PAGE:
That's the task the Florida Legislature set for the South Florida Water Management District.
But how? Decades of development had eliminated the sheet flow of water from Lake Okeechobee. Densely populated cities and a 700,000-acre agricultural area, drained by 1,500 miles of canals and levees, now lay between the lake and the Everglades. Wetlands have disappeared. Worse, non-native plants flourish in the phosphorus-rich runoff. The excess nutrients and diminished water flow threaten the remnant Everglades' unique ecosystem.
The Big Picture: Conceptual Design
Burns & McDonnell served as a technical advisor to Florida in the early 1990s during settlement of litigation against the state and drafting of the 1994 Everglades Forever Act. The South Florida Water Management District's scientists and Burns & McDonnell engineers proposed a solution that would be key to restoration efforts.
The plan was bold: Construct 40,000 acres of man-made wetlands, and redirect runoff from over 400 square miles to mimic historic deliveries. Huge pump stations and automated control structures would direct agricultural and urban runoff and releases from Lake Okeechobee through these wetlands. There, cattail and other wetland plants would absorb phosphorus, binding it in the peat created as the plants died. Cleansed water could then be slowly released to resemble original flows from the great lake.
Providing the Theory
In 1989, using man-made wetlands for stormwater treatment was new technology. Would it work on this scale? Could it reduce phosphorus levels enough? The South Florida Water Management District (SFWMD) and Burns & McDonnell set out to prove it could. SFWMD and Burns & McDonnell engineers, hydrologists and wetlands scientists designed a 3,800-acre constructed wetland as a pilot project. The target was 50 parts per billion (ppb).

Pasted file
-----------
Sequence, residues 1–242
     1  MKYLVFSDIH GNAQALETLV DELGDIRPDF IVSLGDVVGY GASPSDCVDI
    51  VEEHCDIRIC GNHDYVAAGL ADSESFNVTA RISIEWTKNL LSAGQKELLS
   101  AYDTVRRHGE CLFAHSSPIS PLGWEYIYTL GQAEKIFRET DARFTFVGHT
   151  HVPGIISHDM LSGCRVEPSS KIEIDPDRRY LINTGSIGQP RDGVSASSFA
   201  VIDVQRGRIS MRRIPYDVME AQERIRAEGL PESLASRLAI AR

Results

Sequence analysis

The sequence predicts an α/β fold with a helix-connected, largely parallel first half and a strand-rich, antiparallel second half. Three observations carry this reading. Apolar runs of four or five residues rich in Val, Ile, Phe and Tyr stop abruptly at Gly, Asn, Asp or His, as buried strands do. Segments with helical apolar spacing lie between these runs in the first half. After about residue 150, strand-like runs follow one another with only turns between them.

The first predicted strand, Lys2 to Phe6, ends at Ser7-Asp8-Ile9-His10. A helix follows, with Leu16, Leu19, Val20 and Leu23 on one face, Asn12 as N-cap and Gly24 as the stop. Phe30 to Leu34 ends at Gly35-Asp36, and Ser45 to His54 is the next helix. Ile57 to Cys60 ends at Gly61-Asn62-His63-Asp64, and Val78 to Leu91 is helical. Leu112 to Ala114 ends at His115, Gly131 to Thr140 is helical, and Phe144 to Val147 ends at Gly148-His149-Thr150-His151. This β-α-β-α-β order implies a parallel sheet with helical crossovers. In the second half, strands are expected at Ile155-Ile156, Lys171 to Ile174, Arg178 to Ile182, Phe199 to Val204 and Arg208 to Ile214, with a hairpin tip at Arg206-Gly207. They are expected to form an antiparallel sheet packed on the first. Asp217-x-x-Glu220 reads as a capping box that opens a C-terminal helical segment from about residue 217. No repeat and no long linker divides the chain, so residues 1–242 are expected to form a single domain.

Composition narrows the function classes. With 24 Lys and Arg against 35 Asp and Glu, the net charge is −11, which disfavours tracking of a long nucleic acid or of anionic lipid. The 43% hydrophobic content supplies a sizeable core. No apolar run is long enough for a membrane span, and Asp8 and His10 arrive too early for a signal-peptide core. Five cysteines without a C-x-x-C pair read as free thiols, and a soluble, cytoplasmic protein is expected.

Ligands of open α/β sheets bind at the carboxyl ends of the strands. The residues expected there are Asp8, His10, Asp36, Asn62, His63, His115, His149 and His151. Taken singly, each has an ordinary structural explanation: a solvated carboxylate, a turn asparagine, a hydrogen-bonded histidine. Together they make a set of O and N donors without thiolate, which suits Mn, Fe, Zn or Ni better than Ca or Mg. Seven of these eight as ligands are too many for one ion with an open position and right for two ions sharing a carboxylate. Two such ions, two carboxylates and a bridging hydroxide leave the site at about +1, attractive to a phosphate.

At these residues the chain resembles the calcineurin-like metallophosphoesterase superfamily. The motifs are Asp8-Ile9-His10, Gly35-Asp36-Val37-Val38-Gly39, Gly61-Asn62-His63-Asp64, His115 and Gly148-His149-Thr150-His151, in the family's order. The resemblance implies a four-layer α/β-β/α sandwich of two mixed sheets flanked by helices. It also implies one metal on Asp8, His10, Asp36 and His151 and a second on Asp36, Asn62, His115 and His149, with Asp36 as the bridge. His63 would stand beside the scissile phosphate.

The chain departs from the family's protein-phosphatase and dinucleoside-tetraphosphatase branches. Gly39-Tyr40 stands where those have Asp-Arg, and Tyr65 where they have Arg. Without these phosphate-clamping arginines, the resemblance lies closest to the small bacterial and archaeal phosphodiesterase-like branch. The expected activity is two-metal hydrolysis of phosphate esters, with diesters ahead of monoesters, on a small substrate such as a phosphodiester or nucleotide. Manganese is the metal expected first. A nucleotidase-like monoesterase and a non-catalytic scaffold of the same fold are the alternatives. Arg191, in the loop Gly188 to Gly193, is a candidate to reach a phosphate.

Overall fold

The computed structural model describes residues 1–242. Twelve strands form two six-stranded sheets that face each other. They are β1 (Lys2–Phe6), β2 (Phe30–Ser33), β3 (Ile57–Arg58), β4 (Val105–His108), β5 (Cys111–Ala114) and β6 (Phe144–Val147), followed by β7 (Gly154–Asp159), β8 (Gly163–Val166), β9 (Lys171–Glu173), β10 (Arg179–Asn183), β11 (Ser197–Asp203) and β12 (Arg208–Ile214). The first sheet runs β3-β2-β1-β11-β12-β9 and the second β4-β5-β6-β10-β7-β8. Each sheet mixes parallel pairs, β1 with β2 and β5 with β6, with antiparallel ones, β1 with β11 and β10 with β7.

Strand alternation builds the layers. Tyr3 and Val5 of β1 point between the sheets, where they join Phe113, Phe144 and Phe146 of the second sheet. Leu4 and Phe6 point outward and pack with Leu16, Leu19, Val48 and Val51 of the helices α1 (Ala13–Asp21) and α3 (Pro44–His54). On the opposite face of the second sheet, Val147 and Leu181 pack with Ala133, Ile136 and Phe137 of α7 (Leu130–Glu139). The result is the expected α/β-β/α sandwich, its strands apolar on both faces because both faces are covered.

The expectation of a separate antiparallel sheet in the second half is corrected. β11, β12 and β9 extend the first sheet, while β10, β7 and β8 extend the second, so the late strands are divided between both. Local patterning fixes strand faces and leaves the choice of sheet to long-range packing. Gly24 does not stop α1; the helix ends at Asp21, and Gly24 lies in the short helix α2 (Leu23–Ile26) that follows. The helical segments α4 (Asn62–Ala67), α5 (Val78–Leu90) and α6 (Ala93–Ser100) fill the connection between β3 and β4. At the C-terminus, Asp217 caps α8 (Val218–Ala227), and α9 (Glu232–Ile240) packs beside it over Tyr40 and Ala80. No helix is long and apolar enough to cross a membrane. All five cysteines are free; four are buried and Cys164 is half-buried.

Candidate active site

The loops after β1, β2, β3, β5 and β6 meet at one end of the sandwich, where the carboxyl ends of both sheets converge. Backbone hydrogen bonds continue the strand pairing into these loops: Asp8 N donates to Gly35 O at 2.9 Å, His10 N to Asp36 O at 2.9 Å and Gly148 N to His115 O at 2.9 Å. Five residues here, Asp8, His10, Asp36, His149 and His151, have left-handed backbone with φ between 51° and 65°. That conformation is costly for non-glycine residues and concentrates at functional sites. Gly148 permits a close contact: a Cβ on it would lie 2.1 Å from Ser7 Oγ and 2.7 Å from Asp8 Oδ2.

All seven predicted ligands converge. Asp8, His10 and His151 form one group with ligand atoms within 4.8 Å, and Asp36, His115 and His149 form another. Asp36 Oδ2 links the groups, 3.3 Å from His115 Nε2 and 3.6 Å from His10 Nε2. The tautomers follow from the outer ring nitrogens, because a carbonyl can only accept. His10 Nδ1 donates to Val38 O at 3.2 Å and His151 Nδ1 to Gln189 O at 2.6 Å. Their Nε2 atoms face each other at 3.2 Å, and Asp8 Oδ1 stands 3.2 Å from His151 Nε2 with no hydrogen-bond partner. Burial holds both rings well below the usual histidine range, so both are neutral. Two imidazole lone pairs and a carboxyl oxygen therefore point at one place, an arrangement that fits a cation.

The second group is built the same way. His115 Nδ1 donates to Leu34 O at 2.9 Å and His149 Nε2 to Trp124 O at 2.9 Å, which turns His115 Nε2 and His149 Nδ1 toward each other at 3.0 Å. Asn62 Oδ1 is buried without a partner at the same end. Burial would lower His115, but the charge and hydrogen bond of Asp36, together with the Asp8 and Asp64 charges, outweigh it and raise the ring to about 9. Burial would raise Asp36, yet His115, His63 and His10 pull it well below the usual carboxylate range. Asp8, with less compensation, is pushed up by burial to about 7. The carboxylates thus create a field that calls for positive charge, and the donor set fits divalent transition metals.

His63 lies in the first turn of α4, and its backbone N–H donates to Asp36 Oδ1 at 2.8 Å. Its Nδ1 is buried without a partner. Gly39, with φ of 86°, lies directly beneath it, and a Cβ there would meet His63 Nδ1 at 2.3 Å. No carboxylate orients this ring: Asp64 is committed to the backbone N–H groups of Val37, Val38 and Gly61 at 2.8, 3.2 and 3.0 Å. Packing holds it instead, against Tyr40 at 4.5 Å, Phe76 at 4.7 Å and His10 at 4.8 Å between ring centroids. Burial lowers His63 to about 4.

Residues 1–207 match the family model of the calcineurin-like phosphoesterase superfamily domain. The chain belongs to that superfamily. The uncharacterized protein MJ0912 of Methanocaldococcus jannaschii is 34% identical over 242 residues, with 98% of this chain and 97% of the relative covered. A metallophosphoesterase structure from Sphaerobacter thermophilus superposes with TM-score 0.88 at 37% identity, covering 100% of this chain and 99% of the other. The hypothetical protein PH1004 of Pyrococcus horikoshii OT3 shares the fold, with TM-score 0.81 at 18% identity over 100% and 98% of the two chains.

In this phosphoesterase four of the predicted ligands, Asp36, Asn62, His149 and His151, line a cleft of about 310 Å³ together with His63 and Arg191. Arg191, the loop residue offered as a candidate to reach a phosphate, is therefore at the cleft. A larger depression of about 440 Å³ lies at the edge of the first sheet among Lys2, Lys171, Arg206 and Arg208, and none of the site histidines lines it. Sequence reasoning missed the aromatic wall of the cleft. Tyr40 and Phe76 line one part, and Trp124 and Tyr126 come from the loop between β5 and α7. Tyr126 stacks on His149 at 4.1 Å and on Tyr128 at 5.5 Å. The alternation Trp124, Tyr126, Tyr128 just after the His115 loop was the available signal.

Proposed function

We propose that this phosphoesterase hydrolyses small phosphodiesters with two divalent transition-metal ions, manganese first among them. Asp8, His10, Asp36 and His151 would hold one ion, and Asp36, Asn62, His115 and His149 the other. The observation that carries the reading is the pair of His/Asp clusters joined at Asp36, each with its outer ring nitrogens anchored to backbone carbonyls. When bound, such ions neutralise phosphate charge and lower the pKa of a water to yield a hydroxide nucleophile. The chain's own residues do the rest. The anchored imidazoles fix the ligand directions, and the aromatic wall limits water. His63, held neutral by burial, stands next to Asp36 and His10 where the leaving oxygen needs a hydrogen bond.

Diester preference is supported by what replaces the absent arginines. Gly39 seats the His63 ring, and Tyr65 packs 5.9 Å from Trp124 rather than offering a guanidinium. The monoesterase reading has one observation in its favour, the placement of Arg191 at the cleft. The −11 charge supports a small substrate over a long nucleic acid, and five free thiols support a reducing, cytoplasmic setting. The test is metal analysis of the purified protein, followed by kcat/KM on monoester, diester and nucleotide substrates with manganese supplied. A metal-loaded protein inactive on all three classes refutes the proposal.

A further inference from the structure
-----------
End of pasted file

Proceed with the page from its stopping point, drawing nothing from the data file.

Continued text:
The Everglades Nutrient Removal Project exceeded expectations. The man-made wetlands reduced phosphorus to less than 30 ppb.
Burns & McDonnell and the Everglades Construction Project
- Related project consultation
- Author of long-term plan
- Continuing 19-year partnership
- All services delivered on time, on budget
- Project and construction management
- Original conceptual and preliminary design for the entire project
- More than 50 percent detailed design
- Coordination with multiple stakeholders
Science Applied: Everglades Construction Project
When the legislature passed the 1994 Everglades Forever Act, it specifically called for the plan Burns & McDonnell created — as did the Federal Water Resources Development Act of 1996.
In developing the treatment design to achieve an interim discharge goal of 50 ppb, SFWMD and Burns & McDonnell prepared preliminary design and general design for the entire Everglades Construction Project (ECP). In 2003, Burns & McDonnell authored a long-term plan for additional steps necessary to meet a final 10 ppb limit.
Together with the South Florida Water Management District, the Corps of Engineers, and other stakeholders, Burns & McDonnell is helping to make Everglades restoration a reality. Burns & McDonnell completed detailed design for more than half the ECP. The company has provided economic, regulatory, project management and other consulting services, including detailed design and construction-phase services for the recently dedicated, 16,543-acre Stormwater Treatment Area 3/4 (STA 3/4), the largest man-made wetlands in the world.
Burns & McDonnell also assisted with related projects vital to the Everglades' survival, including the Kissimmee River Restoration and Big Cypress Seminole Indian Reservation Water Conservation Plan.
There is still much to be done to preserve the Everglades. But the work proceeds in a spirit of hope. Burns & McDonnell is proud to have helped turn hope into reality.
STA 3/4 Progress Highlight
- 16,543 acres of man-made wetland
- More than 50 miles of levees and canals
- Two pumping stations
- Over 5 billion-gallons-per-day capacity
- 48 fully automated control structures
- New highway and secondary bridges
- Largest man-made wetlands in the world